0.5 of the extract will be dissolved in 2ml of chloroform. Sulpuric acid is then carefully added to form a lower layer. A reddish-brown colour at the interface will indicate the presence of a steroidal ring (i.e. aglycone portion of the cardiac glycoside).
Keller kiliani test
0.5 of extract will be dissolved in 2ml of glacial acetic acid containing one drop of ferric chloride solution. This will then be underlayed with 1ml of concentrated sulphuric acid.
A brown ring obtained at the interface will indicate the presence of a desoxy sugar characteristic of cardenolides. A violet ring may appear below the brown ring while, in the acetic acid layer a greenish ring may form just above the brown ring and gradually spread throughout this layer (Evans 2002).
ACTIVE CONSTITUENTS OF PLANTS AND THEIR MEDICINAL VALUES
The active ingredients are the main effective compounds of medicinal plants, the presence and quantity vary from one plant to the other.
Some of the main bioactive agents/constituents of medicinal plants are:
(i) ALKALOIDS:- It is a mixed group or compound mostly contain nitrogen-bearing molecules (NH 2 ) that make them to be particularly pharmacologically active. There are different types of alkaloids, the principal among which are tropane alkaloids, sanguinarine, quinine alkaloid, berberine, reserpine, atropine etc. Each form of alkaloids serves specific function in the body system.
(a) Sanguinarine alkaloid: It is an alkaloid found in some plant roots and it has persistently been used for the treatment of tumors. This bioactive chemical possesses antimicrobial properties.
It is not very toxic, but oral administration in large quantity is discouraged. Hence, it should not be frequently used by oral administration.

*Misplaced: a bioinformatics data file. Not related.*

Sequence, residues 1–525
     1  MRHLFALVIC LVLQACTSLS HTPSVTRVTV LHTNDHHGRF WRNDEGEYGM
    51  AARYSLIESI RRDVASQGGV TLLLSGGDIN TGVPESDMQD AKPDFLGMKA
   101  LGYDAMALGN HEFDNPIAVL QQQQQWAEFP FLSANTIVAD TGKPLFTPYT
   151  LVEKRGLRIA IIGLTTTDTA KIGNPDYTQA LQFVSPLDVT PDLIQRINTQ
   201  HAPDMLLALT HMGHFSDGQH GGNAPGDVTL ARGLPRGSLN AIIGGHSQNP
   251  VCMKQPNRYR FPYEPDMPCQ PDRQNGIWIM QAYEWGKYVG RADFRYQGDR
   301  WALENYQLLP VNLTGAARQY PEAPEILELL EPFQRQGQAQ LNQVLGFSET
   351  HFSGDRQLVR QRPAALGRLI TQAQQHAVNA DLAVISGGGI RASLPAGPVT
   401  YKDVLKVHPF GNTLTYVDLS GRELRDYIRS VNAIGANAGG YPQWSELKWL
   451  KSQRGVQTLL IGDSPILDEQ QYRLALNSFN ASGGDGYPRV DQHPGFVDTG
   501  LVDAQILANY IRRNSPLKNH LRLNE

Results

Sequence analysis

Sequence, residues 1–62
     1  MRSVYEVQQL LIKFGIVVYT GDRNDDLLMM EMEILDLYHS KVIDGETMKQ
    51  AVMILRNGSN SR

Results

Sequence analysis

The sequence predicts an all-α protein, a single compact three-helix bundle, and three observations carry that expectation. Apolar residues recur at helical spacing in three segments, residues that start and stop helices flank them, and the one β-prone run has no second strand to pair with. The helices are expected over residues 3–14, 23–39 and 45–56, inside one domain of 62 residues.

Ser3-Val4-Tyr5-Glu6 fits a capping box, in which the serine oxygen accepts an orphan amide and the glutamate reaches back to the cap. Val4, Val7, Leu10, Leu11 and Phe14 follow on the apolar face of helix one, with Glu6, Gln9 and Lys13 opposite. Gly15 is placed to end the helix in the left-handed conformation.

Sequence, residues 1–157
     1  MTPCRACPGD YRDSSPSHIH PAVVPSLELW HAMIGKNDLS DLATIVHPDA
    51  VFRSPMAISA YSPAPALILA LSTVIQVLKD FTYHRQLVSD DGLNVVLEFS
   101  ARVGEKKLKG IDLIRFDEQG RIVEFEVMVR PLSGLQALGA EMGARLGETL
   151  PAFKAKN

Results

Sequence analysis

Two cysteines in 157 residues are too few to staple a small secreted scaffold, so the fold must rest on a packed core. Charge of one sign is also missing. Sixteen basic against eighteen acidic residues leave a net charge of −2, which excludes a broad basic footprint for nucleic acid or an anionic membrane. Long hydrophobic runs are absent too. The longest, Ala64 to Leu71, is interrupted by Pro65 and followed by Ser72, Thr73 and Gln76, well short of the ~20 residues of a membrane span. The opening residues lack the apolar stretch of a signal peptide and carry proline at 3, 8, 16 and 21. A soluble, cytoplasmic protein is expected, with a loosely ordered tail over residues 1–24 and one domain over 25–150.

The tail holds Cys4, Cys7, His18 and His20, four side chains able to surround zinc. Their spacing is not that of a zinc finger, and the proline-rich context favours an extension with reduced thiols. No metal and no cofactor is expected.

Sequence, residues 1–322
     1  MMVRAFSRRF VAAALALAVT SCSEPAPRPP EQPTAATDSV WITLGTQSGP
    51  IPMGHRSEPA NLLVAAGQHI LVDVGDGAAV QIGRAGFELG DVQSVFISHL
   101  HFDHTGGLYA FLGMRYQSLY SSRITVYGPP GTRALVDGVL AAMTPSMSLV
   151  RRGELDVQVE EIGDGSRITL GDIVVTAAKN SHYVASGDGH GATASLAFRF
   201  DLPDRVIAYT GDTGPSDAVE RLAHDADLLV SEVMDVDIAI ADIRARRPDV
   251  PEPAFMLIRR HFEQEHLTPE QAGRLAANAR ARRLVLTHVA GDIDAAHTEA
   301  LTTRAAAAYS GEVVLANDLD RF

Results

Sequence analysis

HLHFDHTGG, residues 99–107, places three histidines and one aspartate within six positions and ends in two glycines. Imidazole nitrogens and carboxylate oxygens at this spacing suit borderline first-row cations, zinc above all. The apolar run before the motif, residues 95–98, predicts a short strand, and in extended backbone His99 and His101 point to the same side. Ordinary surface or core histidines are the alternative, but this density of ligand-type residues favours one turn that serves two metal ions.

(b) Quinine Alkaloid: This is good for the treatment of malaria. It is used occasionally for the prevention of nocturnal leg cramps caused by vascular spasms.
(c) Berberine Alkaloid: This is a form of alkaloid used in the traditional medicine for treating diarrhea. It is mostly used topically and good for gastrointestinal complaints. Berberine could have side effects and allergic reactions when taken and could be poorly absorbed by oral administration.
(d) Reserpine: This is an isolate of complex mixture of alkaloids present in some plants. This isolated compound is used as anxiolytic, transquilizer or sedative in several herbal drugs. Any drug containing this property can have calming effects on psychotic or hypertensive patients without necessarily induced sleep. Also, it can be used to treat psychiatric and palpitation.
(e) Tropane Alkaloids: The drug containing these elements are widely used as anesthetics for operations and are used in preoperative medication, partly for their ability to dry bronchial and salivary secretions as well induce a degree of amnesia and sedation.
(f) Astropin: This alkaloid has direct effects on the body, reducing spasms, relieving pain and drying up bodily secretions.